Shades Of Blue Review: A Cool, Sleek And Well-Constructed Ride

Cop shows and crime-solving procedurals are now a dime a dozen in our television landscape. Programs like Law & Order: SVU, Criminal Minds and the recently departed original CSI have all built their legacies on catching a case, fingering the wrong perp and then getting it right in the end. But, every now and then, a cop show tries to take a different tack and weed out those all-too expected procedural notes. Chicago P.D. is currently trying to revitalize the cops-on-cases genre, and now another NBC show, Shades of Blue is attempting the same thing.

Shades of Blue marks Jennifer Lopez’s first starring role on scripted television since Hotel Malibu in 1994. That series only lasted for six episodes, so I’m sure she’s hoping to hit something closer to paydirt this time around, especially since her movie career has slowed down in recent years and American Idol is ending.

Shades of Blue follows police detective Harlee Santos (Jennifer Lopez) and her “crew”, a group of detectives in Brooklyn, New York. She, her boss and friend Lt. Matt Wozniak (Ray Liotta), Tess Nazario (Drea de Matteo), Carlos Espada (Vincent Laresca), Marcus Tufo (Hampton Fluker), Stuart Saperstein (Santino Fontana) and rookie detective Michael Loman (Dayo Okeniyi) are engaged in some behind-the-scenes shenanigans. These include taking bribes from local drug dealers, letting them in on any police action that might affect their illegal businesses and tampering with the occasional crime scene so things turn out the way they need them to. Harlee is living pretty high on the hog, until the FBI sets up a sting that traps her in a no-win situation with her crew on one side and an FBI investigation on the other.

When Harlee’s boss gets wind that there’s a rat in his crew through his street informants, he starts to suspect his whole team, Harlee included. She’s soon busy shuttling details of Wozniak’s increasingly dirty dealings to her FBI handler, Robert Stahl (Warren Kole), and trying to keep herself and her crew safe from Wozniak’s growing paranoia. Harlee does all this while dealing with the pressures of raising a teenage daughter, Cristina (Sarah Jeffery), on her own.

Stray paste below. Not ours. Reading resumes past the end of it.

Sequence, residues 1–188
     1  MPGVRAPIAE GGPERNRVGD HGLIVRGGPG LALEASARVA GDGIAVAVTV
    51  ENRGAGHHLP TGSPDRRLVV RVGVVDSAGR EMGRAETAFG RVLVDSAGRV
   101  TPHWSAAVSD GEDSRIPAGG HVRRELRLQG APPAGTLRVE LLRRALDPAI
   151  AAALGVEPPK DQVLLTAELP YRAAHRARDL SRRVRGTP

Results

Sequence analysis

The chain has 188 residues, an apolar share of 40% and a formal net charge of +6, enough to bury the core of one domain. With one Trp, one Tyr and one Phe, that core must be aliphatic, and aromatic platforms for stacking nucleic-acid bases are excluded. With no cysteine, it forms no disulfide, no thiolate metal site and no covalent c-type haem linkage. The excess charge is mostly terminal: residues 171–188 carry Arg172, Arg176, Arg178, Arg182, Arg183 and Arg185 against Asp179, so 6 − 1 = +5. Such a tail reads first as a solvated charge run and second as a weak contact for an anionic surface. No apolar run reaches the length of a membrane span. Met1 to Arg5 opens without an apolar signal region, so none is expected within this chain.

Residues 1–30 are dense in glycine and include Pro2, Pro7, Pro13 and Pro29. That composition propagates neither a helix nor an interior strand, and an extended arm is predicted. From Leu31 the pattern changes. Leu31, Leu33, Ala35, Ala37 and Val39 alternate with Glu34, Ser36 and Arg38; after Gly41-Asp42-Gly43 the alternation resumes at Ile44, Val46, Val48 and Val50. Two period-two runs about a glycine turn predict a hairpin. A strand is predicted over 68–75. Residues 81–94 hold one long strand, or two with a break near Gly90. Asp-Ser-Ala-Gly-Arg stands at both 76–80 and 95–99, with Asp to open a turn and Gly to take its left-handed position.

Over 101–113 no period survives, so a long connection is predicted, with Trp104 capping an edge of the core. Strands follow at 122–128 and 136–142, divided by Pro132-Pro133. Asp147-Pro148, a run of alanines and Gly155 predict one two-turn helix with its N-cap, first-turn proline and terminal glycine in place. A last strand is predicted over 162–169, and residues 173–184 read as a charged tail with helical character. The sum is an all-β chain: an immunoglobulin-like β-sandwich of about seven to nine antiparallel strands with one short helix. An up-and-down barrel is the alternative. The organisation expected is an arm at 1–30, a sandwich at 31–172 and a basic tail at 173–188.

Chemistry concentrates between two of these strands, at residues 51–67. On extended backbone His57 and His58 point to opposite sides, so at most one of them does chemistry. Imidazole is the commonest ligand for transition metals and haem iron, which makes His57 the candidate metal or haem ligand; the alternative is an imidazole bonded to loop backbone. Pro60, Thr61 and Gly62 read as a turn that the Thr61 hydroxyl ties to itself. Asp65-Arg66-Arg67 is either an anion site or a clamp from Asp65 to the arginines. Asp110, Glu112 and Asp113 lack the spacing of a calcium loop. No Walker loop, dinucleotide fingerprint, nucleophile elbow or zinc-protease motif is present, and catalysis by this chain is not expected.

If the main storyline seems like it could lose steam before too long, I wouldn’t worry about that, mainly because the details manage to come fast and furious, but also feel so well-paced that the story never feels rushed or stale. The FBI informant plot is punctuated by side stories that often turn into something more than they seem. And, even if they seem silly or unimportant at first, hanging on for just a bit will always lead to some interesting roads.

Cop shows that give us glimpses of the characters’ personal lives are nothing new, but Shades of Blue manages to seamlessly weave most of those personal stories into the main or subplots so we never feel like the show is trying to choose one angle or another but can’t decide which road is best.

Shades of Blue comes from creator Adi Hasak, who also serves as an executive producer along with Jennifer Lopez and Ryan Seacrest. Aside from having a cool cast of characters who never feel boring and fit together perfectly, the dialogue is some of the sharpest I’ve heard on a cop show since The Wire and Homicide: Life on the Street (the show isn’t that good, but there are plenty of times when it comes pretty damn close). Lines like “you’re just sweat and friction,” "the truth is in the paperwork" and “he’s a fist with a paycheck” sound completely natural and almost bone-chillingly real coming from the actors’ mouths. The dialogue sounds like it would come from a hard-hitting big city cop. The performers all have their standout moments, especially Ray Liotta as their fearless leader and Drea de Matteo, who erupts during an interrogation scene and leads us to a big unexpected laugh.

So, now there’s only one thing left to cover, and that’s how Jennifer Lopez fares in her new show. I’m pleased to say that we’re treated to Out of Sight Lopez and not crappy rom-com Lopez. Her Harlee is definitely no-nonsense, and she’s tough more than she is sexy or flirty. The writers have wisely chosen to have her bring out her feminine wiles on very specific occasions, and she works just as well in the role as when she’s running down criminals, crying over her daughter’s growing pains, or arguing with her FBI contact. It's largely because of Lopez that the show is hard to stop watching when you have multiple episodes at your disposal (I gleefully burned through four in one night).


Shades of Blue premieres Thursday, January 7 at 10 p.m. EST on NBC. You can catch what else the networks have coming up with our midseason TV premiere schedule.

Adrienne Jones
Senior Content Creator

Yennefer's apprentice, Gilmore Girl; will Vulcan nerve pinch pretty much anyone if prompted with cheese...Yes, even Jamie Fraser.